Forex Scarcity Renders Nigerian Banks Vulnerable
Nigeria’s banks to experience acute funding challenges as the drop in foreign currency deposits hit a record-low following COVID-19 pandemic disruption, stated Moody’s.
In a recent report titled ‘Renewed foreign-currency shortages highlight vulnerability for Nigerian banks‘ published by Moody’s Investors Service, a bond credit rating business of Moody’s Corporation, the drop in dollar deposits amid low oil revenue, volatile foreign investment and declined remittances from abroad due to COVID-19 pandemic are threatening to renew forex liquidity crisis of 2016-2017 on Nigerian banks.
“Lower dollar inflows at a time when foreign currency borrowing will likely be more expensive for Nigerian banks will strain their foreign currency funding, despite substantial improvements compared to 2016,” said Peter Mushangwe, Analyst at Moody’s.
“Our moderate scenario where foreign-currency deposits decline by 20%, while loans remain constant, would increase rated banks’ funding gap to NGN1.5 trillion [$3.8 billion], and to NGN1.9 trillion [$5.0 billion] under our severe-case scenario of 35% foreign-currency deposit contraction, creating acute funding challenges.”
According to Moody’s, oil and gas exports account for about 90 percent of Nigeria’s foreign currency revenue. However, with crude oil now trading at around $40 per barrel, far below its average of $65 per barrel in 2019 and $72 per barrel in 2018, Nigeria’s banks are expected to struggle to meet foreign-currency withdrawals in the next 12 to 18 months.
Moody’s said its rated “banks reduced their foreign currency funding gap to a combined NGN354 billion ($984 million) in 2019 from NGN1.436 trillion ($5.5 billion) in 2016. The ratio of foreign-currency loans to foreign-currency deposits at Moody’s rated banks dropped to 106% at the end of 2019 from 135% in 2016 as banks cut back on dollar loans while building up their dollar deposits.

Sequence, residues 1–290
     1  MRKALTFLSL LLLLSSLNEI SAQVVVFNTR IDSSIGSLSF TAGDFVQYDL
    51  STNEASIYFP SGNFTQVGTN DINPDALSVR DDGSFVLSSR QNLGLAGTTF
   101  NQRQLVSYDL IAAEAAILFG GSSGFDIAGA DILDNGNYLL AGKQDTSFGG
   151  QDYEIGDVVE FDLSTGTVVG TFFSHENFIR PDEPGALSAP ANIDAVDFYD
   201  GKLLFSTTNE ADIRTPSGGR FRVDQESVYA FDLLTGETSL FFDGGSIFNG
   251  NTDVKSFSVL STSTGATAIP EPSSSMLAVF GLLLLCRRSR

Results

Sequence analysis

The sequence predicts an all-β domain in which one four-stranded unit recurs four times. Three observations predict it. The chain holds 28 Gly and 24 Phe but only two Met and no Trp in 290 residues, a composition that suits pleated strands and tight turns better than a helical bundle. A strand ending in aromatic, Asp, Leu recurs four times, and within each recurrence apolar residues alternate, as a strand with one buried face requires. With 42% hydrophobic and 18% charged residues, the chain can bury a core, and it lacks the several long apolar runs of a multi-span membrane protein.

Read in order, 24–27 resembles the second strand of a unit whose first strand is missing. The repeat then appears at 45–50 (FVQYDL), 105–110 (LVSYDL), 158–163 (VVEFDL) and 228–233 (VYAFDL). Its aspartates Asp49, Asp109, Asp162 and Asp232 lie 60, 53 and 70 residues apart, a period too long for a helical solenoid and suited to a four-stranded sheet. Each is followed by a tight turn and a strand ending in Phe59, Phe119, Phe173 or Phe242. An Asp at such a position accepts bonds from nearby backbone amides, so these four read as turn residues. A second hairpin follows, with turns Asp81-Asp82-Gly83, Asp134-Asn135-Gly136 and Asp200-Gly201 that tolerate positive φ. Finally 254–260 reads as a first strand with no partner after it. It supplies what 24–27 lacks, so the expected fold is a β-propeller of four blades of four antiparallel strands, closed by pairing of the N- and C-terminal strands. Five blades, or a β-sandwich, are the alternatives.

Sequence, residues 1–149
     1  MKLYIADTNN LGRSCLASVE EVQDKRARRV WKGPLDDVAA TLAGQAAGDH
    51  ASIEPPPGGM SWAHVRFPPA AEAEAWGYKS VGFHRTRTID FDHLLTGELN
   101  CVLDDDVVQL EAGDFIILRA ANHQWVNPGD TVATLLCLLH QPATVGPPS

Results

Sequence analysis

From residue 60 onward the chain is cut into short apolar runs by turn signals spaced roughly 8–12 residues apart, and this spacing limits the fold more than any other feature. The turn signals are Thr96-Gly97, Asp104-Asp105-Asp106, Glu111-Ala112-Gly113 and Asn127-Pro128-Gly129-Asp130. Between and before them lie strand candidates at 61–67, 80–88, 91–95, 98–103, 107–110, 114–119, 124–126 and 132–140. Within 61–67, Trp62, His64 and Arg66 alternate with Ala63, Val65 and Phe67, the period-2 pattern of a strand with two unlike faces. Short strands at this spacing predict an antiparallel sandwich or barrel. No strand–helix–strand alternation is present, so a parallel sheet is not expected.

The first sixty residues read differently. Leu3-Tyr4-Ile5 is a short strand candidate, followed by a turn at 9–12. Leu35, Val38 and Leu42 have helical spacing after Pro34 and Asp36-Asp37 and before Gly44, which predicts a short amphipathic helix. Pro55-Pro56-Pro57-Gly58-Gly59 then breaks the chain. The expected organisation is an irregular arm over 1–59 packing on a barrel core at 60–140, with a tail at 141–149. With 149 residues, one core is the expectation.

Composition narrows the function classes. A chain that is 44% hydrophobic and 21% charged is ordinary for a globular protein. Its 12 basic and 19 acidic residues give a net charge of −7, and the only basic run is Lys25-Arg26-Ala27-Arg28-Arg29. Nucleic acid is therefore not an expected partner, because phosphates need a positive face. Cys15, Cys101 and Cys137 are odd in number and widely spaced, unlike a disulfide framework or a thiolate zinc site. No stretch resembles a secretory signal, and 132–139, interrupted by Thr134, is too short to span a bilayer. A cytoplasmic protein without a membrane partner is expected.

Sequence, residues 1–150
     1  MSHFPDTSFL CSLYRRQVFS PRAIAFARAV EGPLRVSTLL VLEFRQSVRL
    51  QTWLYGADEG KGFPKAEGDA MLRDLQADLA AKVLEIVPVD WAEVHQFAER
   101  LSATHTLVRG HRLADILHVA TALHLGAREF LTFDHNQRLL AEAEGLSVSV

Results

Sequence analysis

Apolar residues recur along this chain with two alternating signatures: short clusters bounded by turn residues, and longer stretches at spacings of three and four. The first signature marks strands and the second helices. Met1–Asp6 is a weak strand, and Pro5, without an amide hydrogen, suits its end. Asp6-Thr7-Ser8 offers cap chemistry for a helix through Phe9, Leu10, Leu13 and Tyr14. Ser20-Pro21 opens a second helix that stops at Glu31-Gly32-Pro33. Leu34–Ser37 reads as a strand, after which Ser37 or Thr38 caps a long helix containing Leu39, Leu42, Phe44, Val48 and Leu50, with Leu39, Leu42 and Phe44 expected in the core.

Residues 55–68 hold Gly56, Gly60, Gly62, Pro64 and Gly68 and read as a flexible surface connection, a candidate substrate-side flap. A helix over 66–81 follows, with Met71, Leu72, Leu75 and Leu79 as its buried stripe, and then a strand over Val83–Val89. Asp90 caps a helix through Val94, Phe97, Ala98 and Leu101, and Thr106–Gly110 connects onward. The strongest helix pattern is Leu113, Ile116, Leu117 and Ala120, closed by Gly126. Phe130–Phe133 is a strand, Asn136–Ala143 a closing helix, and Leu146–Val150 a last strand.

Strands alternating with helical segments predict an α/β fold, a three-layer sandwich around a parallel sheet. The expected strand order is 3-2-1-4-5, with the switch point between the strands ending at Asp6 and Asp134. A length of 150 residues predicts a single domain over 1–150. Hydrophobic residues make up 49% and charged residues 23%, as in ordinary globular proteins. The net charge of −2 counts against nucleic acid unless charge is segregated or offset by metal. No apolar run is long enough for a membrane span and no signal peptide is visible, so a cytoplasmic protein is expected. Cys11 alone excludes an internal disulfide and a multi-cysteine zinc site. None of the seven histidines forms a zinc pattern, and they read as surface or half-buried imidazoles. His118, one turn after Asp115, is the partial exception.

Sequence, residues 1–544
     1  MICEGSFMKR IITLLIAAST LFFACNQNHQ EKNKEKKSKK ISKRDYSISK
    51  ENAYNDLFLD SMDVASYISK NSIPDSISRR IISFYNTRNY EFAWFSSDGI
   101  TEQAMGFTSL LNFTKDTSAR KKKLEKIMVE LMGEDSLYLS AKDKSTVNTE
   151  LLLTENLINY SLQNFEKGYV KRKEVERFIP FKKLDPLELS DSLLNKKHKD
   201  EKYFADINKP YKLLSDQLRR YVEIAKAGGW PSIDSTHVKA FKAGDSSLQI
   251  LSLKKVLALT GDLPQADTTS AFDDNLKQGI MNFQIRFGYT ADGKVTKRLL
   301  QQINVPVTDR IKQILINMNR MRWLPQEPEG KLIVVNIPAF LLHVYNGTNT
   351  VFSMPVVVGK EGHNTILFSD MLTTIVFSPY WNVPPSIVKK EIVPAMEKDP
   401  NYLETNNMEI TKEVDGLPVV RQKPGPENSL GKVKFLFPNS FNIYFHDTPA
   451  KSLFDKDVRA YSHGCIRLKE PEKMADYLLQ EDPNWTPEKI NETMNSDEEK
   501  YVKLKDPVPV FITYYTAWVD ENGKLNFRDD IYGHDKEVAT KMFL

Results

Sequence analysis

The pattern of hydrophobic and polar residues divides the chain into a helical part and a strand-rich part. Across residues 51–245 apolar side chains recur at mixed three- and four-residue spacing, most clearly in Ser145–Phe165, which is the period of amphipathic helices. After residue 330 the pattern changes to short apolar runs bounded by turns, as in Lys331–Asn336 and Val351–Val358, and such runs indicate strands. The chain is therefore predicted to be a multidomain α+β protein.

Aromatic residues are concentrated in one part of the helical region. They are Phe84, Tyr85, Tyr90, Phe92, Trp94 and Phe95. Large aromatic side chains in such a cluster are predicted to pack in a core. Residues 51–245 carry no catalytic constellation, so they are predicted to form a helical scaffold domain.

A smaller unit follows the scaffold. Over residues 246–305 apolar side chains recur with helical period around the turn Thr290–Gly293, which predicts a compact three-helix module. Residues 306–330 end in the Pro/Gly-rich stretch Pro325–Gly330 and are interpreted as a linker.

“The smaller funding gap will enable the banks to better withstand unforeseen deposit withdrawals and likely higher borrowing costs. However, in the event of foreign currency deposits contracting by 20% or more, banks’ funding gaps will be significant.”
This further explained why the Nigerian Naira is trading at a record low of N461 against the United States dollar on the black market in recent weeks.
Naira Declines Slightly on the Black Market to N474/$
Naira Drops Marginally on the Black Market to N474 Against US Dollar
Nigerian Naira declined marginally on Tuesday on the parallel market, popularly known as the black market.
The local currency declined by N1 to N474 per US dollar, down from the N473 it traded on Monday.
This was coming after Shoprite announced it would be exiting Nigeria, Africa’s largest economy. The announcement further damped the nation’s economic outlook amid the already heighten economic uncertainties.
Nigeria continues to struggle with low dollar availability after low oil prices and weak global demand for the commodity eroded the nation’s foreign revenue generation.
On the Investors and Exporters Forex window, the Naira remained pressured at N389 to a US dollar, better than the N389.25 it exchanged on Monday but more than the N381 stipulated by the Central Bank of Nigeria.